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  • Book Conservation and Digitization: The Challenges of Dialogue and Collaboration ed. by Alberto Campagnolo
  • Nancy K. Turner

digital cultural object, library digitization, project management, multi-spectral imaging, manuscript conservation, book conservation

Alberto Campagnolo, ed. Book Conservation and Digitization: The Challenges of Dialogue and Collaboration. Leeds: ARC Humanities Press, 2020. €109. ISBN: 9781641890533.

Despite the closure of major libraries and the curtailment of air travel that occurred during the global pandemic of 2020–21, decades-long efforts to digitize rare books and manuscripts have provided humanities researchers with vast resources that have enabled virtual access and opportunities for research. The timely publication of a volume of essays edited by Alberto Campagnolo provides a veritable master class in the work required to make these digital assets readily accessible online to scholars around the world.

Alberto Campagnolo is that uncommon individual whose expertise combines the interdisciplinary fields of rare book and manuscript conservation and digital humanities. For this volume, he has brought together a number of his former tutors, project collaborators, and other colleagues to share their individual personal digitization experiences from various libraries, archives, and museums. Organized into three sections, the book includes contributions authored by over a dozen eminent conservators, library heritage preservation experts, and specialists in digitization and imaging.

The key words in the volume’s title—dialogue and collaboration—are emblematic of the book’s support for the central role of book conservators at the outset of any digitization project, no matter how large or small. Campagnolo’s introduction and first section, entitled “Books as Objects and Their Digitization,” along with the nine case studies given in Section 2, [End Page 357] Manuscript Studies make compelling arguments for how collaborative digitization projects ought to be structured and why the involvement of conservators needs to be front and center at all stages. For some institutions this may seem self- evident. But when funding resources are short and pressures mount to get more books online, digitization can compete with conservation when the mandate to digitize is given priority over more time- consuming condition surveys and conservation treatments. There is an urgency to this book’s advocacy, for it cannot be denied that digitization can and does cause material damage. The remedy is to involve conservators and to embed their active participation into the digitization workflow to prevent material loss.

Campagnolo’s two long- form chapters in Section 1 make explicit the premise of the book: in “Understanding the Artifactual Value of Books,” and “Conservation and Digitization: A Difficult Balance?,” Campagnolo argues for the need to document by digitization (and associated metadata, such as object descriptions) an object’s “untransferrable features”—that is, the physical aspects of manuscripts not made apparent in a two- dimensional page scan (74). These features often include the physical details and material qualities of historical bindings, parchment, paper, ink, pigment, and so on, and the three- dimensional structure of the codex as a whole. With his extended articulation of what constitutes “artifactual value,” Campagnolo makes clear that the conservator’s role is not limited to preservation and treatment, but also includes unique knowledge and understanding of materials and features, the description and documentation of which require standardized vocabularies (17–48). To this first section must be added Athanasios Velios and Nicholas Pickwoad’s collaborative contribution (grouped among the “Case Studies”), which outlines the seminal resource of the Language of Bindings Thesaurus, a project of the Ligatus Research Centre; their essay provides a roadmap to how those observations ought to be expressed and linked using structured vocabularies. Together these three essays articulate and model ways of thinking about books as objects, arising out of the collaborative endeavors to catalogue, conserve, and digitize rare books and manuscripts.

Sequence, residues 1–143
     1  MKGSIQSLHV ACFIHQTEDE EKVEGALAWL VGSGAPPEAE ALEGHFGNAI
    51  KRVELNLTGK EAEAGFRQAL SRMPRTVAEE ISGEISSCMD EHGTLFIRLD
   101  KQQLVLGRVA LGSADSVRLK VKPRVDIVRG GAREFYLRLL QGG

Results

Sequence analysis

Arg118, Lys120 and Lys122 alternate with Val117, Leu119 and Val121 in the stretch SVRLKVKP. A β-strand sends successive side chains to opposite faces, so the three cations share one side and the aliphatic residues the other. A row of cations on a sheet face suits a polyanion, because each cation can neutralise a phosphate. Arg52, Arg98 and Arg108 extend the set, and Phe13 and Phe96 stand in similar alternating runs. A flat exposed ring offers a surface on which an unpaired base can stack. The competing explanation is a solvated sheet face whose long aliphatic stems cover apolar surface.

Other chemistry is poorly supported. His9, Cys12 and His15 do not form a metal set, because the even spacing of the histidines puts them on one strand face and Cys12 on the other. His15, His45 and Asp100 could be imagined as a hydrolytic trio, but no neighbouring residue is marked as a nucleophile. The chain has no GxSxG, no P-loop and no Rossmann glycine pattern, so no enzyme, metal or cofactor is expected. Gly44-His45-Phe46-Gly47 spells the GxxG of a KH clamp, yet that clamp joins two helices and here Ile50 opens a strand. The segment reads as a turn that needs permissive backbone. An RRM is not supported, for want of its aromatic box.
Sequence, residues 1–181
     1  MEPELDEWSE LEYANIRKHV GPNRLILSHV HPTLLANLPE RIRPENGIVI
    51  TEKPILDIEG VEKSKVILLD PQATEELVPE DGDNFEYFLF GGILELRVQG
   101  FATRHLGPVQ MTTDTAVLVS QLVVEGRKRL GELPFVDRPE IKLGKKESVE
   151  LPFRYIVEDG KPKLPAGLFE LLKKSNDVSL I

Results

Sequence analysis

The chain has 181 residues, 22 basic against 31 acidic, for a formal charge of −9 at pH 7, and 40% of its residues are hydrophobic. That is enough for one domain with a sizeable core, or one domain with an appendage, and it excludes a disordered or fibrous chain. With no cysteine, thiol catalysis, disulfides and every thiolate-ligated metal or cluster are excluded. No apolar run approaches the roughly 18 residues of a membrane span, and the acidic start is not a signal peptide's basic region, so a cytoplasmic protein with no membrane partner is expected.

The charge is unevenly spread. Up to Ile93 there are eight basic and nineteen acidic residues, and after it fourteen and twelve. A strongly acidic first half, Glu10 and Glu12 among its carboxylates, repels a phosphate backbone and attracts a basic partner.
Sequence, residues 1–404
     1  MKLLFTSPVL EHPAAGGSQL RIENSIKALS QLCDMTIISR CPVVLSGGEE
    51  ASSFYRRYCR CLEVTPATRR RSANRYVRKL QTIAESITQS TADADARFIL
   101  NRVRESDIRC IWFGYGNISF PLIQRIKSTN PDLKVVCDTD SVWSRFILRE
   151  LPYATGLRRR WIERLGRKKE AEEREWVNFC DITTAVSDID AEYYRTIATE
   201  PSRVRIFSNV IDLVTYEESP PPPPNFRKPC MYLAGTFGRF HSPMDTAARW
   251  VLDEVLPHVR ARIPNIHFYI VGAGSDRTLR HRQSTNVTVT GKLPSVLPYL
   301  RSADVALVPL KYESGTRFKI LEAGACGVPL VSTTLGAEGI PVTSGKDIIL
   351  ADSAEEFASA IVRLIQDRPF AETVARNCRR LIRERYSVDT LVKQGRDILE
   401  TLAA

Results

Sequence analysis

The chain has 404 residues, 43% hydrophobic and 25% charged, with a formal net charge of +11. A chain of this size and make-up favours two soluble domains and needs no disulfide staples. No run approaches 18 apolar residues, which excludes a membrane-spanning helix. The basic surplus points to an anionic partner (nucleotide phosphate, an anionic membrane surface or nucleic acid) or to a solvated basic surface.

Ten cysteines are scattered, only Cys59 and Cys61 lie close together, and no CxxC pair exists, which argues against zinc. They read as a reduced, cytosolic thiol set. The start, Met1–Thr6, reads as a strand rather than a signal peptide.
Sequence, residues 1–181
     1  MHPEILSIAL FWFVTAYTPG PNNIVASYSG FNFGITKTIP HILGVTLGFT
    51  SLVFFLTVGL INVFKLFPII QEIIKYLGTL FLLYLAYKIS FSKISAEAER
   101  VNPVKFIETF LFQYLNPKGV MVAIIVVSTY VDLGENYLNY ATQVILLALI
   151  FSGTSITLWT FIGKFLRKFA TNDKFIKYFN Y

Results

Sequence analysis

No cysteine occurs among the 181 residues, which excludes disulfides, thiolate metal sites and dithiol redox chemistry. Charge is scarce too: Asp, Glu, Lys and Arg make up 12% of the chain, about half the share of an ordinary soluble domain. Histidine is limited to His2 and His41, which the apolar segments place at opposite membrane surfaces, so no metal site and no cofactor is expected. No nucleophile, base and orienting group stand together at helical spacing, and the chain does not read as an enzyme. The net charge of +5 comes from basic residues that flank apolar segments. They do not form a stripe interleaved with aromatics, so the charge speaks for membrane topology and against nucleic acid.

The case studies in Section 2, “Conservation and Digitization in Practice,” showcase the collaborative digitization projects at the Vatican Library, the National Archives at Kew, the British Library, the Wellcome Library, [End Page 358] the Herzog August Bibliothek, the London Municipal Archives, the Library of Congress, and Saint Catherine’s Monastery, Sinai, Egypt. As models, these essays are rich with insights and recommendations. For instance, Almuth Corbach’s review of available book- cradle equipment is helpful to anyone...


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pp. 357-361
Launched on MUSE
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